As the last Friday tickets are going out the door, you all are probably left wondering what names will complete this year’s festival line-up. So let us fill you in on the final acts:

With an impossibly extensive release catalogue, Jay Gambit has turned his collaborative project Crowhurst into a firm cult favorite. At this year’s Desertfest he will present us with a special drone set. Misanthropic extreme metal at its finest, let’s see if you all have the stomach for this…

On a lighter note, Bismut from Holland have made a name for themselves with energetic instrumental jam workouts. A heavy trio that works tight as a clockwork – a perfect fit for the Desertfest crowd we should think! And last but not least, SÂVER made a splash this year with their debut album ‘They Came With Sunlight’. Hypnotic post-doom veering between melody and brutality.

Like we said: the festival is nearly sold out, and could very well be full by the time you read this. Some day tickets for Friday is all we have left, but that’s still a quality line-up so you might as well consider it! Otherwise, please watch out for ticket scalpers – purchase safely.

And to all of you who already have their ticket in the pocket and nothing left to fear: YES! We are counting the days just as eagerly as you are! This year’s gonna be EPIC…

http://www.desertfest.be/tickets
https://www.facebook.com/desertfestbelgium/
https://www.facebook.com/events/2260579413999993/

SÂVER, They Came with Sunlight (2019)

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The Obelisk Show on Gimme Radio Recap: Episode 18

Posted in Radio on June 24th, 2019 by JJ Koczan

the obelisk show banner

Before I get started, I want to say thanks to Mark Kitchens from Stone Machine Electric for the artwork above. He did the platypus design and I added the blue background and yellow text kind of thinking it would be like one of those old title cards from David Letterman or something. I love it, so yeah. Thanks, Mark.

Like the prior episode, this one was themed around a playlist of some of the best of 2019 so far. I actually didn’t get to hear the whole show because I was at Maryland Doom Fest this past weekend, but I did check in on it while doing other stuff in Frederick. One way or the other, the playlist starts with Holy Grove and has Yawning ManMagic CircleDuelNebulaRoadsawEarth and Across Tundras on it, so you know it’s going to be killer. Really, the only thing I’d have listened for was to make sure I didn’t ruin it with my own derpy derp derp.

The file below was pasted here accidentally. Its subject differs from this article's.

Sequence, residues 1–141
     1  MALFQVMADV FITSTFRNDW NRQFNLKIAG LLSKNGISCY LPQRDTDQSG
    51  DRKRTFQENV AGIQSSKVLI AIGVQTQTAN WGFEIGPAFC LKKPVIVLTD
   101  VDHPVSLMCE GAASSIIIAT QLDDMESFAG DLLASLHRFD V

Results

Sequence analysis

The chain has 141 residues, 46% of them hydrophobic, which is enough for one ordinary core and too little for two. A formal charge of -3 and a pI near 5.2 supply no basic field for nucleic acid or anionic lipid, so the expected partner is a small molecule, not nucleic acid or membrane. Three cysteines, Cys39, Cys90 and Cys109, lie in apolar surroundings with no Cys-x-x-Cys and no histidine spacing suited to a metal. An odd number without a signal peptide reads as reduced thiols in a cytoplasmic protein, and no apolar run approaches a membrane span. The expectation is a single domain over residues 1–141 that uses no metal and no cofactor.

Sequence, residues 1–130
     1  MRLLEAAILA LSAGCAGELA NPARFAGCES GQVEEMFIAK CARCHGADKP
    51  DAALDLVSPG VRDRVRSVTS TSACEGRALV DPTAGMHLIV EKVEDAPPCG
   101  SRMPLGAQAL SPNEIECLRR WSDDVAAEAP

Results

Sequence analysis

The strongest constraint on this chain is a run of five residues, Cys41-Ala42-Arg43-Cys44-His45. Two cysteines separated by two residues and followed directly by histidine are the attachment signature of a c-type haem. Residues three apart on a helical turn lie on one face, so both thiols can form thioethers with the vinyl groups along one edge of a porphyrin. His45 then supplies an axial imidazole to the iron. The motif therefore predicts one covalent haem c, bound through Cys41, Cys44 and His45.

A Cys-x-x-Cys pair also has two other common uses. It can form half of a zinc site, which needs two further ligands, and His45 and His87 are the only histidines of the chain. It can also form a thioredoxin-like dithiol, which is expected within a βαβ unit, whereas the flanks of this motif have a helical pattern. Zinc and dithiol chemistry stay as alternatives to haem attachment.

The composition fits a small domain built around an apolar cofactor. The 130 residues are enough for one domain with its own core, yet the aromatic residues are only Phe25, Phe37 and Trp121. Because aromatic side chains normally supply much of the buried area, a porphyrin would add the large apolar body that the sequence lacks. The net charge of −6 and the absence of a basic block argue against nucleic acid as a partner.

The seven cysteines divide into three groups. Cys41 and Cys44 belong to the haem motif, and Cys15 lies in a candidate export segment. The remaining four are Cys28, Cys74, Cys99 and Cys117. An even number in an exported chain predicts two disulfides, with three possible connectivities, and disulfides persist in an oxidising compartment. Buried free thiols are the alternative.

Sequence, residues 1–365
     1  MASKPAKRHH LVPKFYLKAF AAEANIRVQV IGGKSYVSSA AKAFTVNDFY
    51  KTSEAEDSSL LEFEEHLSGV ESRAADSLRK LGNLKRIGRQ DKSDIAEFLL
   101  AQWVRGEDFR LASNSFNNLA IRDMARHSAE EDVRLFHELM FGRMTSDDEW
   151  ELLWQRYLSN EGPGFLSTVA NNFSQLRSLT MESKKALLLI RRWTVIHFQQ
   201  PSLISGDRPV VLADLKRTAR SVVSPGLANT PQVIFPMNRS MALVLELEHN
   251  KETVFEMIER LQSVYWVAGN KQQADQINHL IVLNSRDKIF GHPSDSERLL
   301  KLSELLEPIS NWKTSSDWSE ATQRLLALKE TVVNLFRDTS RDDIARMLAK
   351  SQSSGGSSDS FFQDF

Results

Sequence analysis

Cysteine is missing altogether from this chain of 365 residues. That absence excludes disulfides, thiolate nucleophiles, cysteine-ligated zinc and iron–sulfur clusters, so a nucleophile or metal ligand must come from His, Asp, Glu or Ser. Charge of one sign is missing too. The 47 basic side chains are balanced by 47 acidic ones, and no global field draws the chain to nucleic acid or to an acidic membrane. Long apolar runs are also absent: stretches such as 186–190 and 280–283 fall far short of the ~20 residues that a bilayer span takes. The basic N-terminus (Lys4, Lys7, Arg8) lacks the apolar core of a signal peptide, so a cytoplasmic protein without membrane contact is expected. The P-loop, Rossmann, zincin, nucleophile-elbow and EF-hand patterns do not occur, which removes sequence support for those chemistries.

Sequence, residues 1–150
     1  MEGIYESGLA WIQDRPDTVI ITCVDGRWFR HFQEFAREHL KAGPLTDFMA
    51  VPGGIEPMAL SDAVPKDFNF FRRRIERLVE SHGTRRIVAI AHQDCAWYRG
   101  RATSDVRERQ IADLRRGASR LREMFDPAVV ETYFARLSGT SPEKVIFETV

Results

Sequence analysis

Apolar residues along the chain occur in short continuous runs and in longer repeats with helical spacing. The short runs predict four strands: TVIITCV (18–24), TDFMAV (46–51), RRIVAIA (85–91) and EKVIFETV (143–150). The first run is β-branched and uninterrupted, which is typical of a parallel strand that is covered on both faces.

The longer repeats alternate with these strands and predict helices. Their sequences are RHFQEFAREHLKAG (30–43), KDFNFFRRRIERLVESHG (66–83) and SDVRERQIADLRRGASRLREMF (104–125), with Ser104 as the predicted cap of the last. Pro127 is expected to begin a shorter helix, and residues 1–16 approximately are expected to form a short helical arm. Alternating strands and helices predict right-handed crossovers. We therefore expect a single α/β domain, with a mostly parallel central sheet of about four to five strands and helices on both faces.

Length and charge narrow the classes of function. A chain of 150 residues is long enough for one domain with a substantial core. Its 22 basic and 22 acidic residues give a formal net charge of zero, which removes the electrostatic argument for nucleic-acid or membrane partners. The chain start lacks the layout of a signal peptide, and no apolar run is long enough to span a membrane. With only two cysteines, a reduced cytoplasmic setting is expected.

I wanted to include some lesser-known stuff here too, so check out the Cosmic Fall, SÂVEREaldor Bealu and Mount Saturn tracks if you haven’t, and that Centrum at the end I really dig a lot. Hell, the whole thing is great. You really can’t go wrong when your operating theme is “stuff that’s awesome.”

Thanks if you got to check it out.

Here’s the full playlist:

The Obelisk Show – 06.21.19

Holy Grove Valley of the Mystics Holy Grove II 0:10:37
Duel Drifting Alone Valley of Shadows 0:04:27
The Well Death Song Death and Consolation 0:04:48
BREAK
Across Tundras The Rugged Ranges of Curbs & Broken Minds The Rugged Ranges of Curbs & Broken Minds 0:06:58
Yawning Man I Make Weird Choices Macedonian Lines 0:07:21
Cosmic Fall Lackland Lackland 0:08:32
Lamp of the Universe Rite of the Spheres Align in the Fourth Dimension 0:05:12
SÂVER Dissolve to Ashes They Came with Sunlight 0:07:43
Atala Upon the Altar The Bearer of Light 0:06:06
Magic Circle I’ve Found My Way to Die Departed Souls 0:05:11
BREAK
Mount Saturn Idol Hands Kiss the Ring 0:04:11
Nebula Man’s Best Friend Holy Shit 0:04:56
Ruff Majik Seasoning the Witch Tårn 0:06:31
Earth An Unnatural Carousel Full Upon Her Burning Lips 0:06:51
Ealdor Bealu Smoke Signals Spirit of the Lonely Places 0:07:32
BREAK
Roadsaw Under the Devil’s Thumb Tinnitus the Night 0:03:54
Centrum Sjön För Meditation 0:08:39

The Obelisk Show on Gimme Radio airs every other Friday at 1PM Eastern, with replays every Sunday at 7PM Eastern. Next show is July 5. Thanks for listening if you do.

Gimme Radio website

The Obelisk on Thee Facebooks

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Review & Video Premiere: SÂVER, They Came with Sunlight

Posted in audiObelisk, Reviews on February 19th, 2019 by JJ Koczan

saver they came with sunlight

[Click play above to play ‘Dissolve to Ashes’ from SÂVER’s debut album, They Came with Sunlight. Album is out March 8 on Pelagic Records.]

They Came with Sunlight isn’t just the first full-length from Oslo three-piece SÂVER, it’s their first offering of any kind as a band. Released through Pelagic Records, it runs a punishing and atmospheric 51 minutes through six tracks of extreme and densely atmospheric sludge that, despite being so dig into the dirt, nonetheless maintains a progressive spirit in both composition and presentation. That SÂVER would know what they’re doing shouldn’t necessarily be a surprise, though, as the members are all pretty well familiar with each other. Markus Støle (drums) and Ole C. Helstad (bass) shared tenure in the also-crushing Tombstones before Støle and guitarist/vocalist Ole Ulvik Rokseth put out an album as the duo Hymn in 2017. As SÂVER brings together all three parties, the new group unquestionably benefits from that familiarity. In nuanced moments like the far-back shouts that offset the chugging central riff of lead single “I, Vanish,” or the maddening tension cast as “How They Envisioned Life” crosses its halfway point, they demonstrate a clearheadedness to their approach and a dynamic that’s new in this form but well established sounding.